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How safe is a website with some passive insecure content?

Posted

On some websites I visit the icon in the address bar is a grey padlock with an orange warning triangle. These same websites show up as unsecured in Chrome and Edge as well. Although I've been assured by the site owner(s), in this case Tracfone, that any information I enter is safe, I kinda need some reassurances that it is indeed before I enter CC financial information.

I've read the section about mixed passive content but remain unclear.

Thanks.

On some websites I visit the icon in the address bar is a grey padlock with an orange warning triangle. These same websites show up as unsecured in Chrome and Edge as well. Although I've been assured by the site owner(s), in this case Tracfone, that any information I enter is safe, I kinda need some reassurances that it is indeed before I enter CC financial information. I've read the section about mixed passive content but remain unclear. Thanks.

Additional System Details

Installed Plug-ins

  • Shockwave Flash 31.0 r0

Application

  • User Agent: Mozilla/5.0 (Windows NT 10.0; Win64; x64; rv:63.0) Gecko/20100101 Firefox/63.0

More Information

jscher2000
  • Top 10 Contributor
8704 solutions 71129 answers

Let's assume the best case scenario, that the insecure content consists of images served by the site itself on HTTP instead of HTTPS. Why are they doing that?!

To confirm what it actually is, you can try this:

Open Firefox's Web Console in the lower part of the tab using either:

  • "3-bar" menu button > Web Developer > Web Console
  • (menu bar) Tools > Web Developer > Web Console
  • (Windows) Ctrl+Shift+k

In the search box that has "Filter output" as its placeholder, type mixed and then reload the page in the upper part of the tab. Firefox should identify the mixed content and you can evaluate whether it is from a trusted site or is something that doesn't belong in the page.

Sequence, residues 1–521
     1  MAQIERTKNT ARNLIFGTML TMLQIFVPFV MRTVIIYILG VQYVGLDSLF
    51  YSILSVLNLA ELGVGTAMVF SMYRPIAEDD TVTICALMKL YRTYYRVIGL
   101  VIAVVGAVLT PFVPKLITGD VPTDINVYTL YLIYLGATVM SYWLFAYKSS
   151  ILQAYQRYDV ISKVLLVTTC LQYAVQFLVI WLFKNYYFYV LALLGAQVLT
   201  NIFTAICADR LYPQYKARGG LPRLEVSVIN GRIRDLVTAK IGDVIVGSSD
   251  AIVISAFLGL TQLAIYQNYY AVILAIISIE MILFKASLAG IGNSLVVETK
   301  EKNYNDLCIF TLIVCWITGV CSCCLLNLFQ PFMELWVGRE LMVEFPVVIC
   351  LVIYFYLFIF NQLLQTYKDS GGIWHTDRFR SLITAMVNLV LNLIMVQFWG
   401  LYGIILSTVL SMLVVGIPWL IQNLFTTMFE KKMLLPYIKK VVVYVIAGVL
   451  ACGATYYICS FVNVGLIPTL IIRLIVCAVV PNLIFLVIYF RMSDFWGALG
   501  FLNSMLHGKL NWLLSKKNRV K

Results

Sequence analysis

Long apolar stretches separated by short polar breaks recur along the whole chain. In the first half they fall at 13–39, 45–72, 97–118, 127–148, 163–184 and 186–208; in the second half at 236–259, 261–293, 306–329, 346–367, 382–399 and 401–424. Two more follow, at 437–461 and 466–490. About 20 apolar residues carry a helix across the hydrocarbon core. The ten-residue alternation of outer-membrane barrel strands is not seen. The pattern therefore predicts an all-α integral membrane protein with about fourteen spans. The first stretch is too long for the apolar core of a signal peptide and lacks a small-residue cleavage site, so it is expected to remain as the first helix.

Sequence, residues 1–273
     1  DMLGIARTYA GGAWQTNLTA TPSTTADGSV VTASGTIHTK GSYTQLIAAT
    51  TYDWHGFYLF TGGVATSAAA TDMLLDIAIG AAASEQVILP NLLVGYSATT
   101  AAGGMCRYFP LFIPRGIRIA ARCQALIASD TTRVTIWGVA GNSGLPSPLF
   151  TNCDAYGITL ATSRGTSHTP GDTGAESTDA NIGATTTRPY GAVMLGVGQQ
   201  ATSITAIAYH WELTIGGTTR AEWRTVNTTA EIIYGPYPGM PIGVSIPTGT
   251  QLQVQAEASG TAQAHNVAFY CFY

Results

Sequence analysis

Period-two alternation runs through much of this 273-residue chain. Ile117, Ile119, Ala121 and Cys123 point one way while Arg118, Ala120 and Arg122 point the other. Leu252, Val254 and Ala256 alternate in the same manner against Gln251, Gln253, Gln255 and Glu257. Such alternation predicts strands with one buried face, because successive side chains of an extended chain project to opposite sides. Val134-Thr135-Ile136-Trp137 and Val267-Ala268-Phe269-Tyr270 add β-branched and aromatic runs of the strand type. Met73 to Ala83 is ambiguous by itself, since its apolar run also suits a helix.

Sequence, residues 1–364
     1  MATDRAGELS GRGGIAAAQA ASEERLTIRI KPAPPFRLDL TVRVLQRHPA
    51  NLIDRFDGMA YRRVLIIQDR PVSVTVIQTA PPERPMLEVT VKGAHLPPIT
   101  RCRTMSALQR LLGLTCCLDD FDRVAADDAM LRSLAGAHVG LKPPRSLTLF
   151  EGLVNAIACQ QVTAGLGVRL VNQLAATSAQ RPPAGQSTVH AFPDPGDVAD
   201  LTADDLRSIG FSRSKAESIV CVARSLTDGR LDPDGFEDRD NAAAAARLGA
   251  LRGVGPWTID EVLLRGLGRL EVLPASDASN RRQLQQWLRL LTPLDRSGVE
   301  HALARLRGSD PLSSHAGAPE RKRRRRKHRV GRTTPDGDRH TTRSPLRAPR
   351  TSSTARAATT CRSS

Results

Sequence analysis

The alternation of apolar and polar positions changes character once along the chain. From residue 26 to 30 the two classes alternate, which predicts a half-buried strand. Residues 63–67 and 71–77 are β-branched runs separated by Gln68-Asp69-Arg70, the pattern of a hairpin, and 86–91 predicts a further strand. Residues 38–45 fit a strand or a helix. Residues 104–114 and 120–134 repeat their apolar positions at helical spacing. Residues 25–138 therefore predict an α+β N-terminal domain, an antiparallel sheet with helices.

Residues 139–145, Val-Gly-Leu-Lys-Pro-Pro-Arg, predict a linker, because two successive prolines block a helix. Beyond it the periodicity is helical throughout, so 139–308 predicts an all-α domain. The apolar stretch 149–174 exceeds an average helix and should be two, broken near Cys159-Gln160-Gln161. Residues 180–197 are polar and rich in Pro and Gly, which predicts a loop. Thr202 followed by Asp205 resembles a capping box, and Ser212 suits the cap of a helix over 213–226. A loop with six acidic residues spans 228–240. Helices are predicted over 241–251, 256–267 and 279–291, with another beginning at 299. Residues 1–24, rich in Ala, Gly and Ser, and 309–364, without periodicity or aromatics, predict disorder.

If it's from the site and they were just a bit sloppy (!!), it's unlikely they will try to steal any information about your session with their own site. If it's from a different or unrelated site, that would be suspicious. I think it's preferable not to have any mixed content for important accounts.

Let's assume the best case scenario, that the insecure content consists of images served by the site itself on HTTP instead of HTTPS. Why are they doing that?! To confirm what it actually is, you can try this: Open Firefox's Web Console in the lower part of the tab using either: * "3-bar" menu button > Web Developer > Web Console * (menu bar) Tools > Web Developer > Web Console * (Windows) Ctrl+Shift+k In the search box that has "Filter output" as its placeholder, type ''mixed'' and then reload the page in the upper part of the tab. Firefox should identify the mixed content and you can evaluate whether it is from a trusted site or is something that doesn't belong in the page. If it's from the site and they were just a bit sloppy (!!), it's unlikely they will try to steal any information about your session with their own site. If it's from a different or unrelated site, that would be suspicious. I think it's preferable not to have any mixed content for important accounts.